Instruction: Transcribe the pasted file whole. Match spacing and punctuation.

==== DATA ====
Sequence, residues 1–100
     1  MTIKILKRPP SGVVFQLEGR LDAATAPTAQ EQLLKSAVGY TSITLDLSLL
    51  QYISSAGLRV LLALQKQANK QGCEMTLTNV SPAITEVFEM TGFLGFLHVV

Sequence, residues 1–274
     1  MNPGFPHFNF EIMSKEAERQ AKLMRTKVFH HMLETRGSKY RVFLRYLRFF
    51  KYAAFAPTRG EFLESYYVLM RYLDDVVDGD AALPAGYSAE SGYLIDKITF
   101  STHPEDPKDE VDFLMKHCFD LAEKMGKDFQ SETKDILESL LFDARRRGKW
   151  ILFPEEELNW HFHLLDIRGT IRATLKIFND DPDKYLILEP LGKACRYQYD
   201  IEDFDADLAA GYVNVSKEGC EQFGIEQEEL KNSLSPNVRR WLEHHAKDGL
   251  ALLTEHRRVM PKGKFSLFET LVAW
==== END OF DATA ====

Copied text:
Sequence, residues 1–100
     1  MTIKILKRPP SGVVFQLEGR LDAATAPTAQ EQLLKSAVGY TSITLDLSLL
    51  QYISSAGLRV LLALQKQANK QGCEMTLTNV SPAITEVFEM TGFLGFLHVV

Sequence, residues 1–274
     1  MNPGFPHFNF EIMSKEAERQ AKLMRTKVFH HMLETRGSKY RVFLRYLRFF
    51  KYAAFAPTRG EFLESYYVLM RYLDDVVDGD AALPAGYSAE SGYLIDKITF
   101  STHPEDPKDE VDFLMKHCFD LAEKMGKDFQ SETKDILESL LFDARRRGKW
   151  ILFPEEELNW HFHLLDIRGT IRATLKIFND DPDKYLILEP LGKACRYQYD
   201  IEDFDADLAA GYVNVSKEGC EQFGIEQEEL KNSLSPNVRR WLEHHAKDGL
   251  ALLTEHRRVM PKGKFSLFET LVAW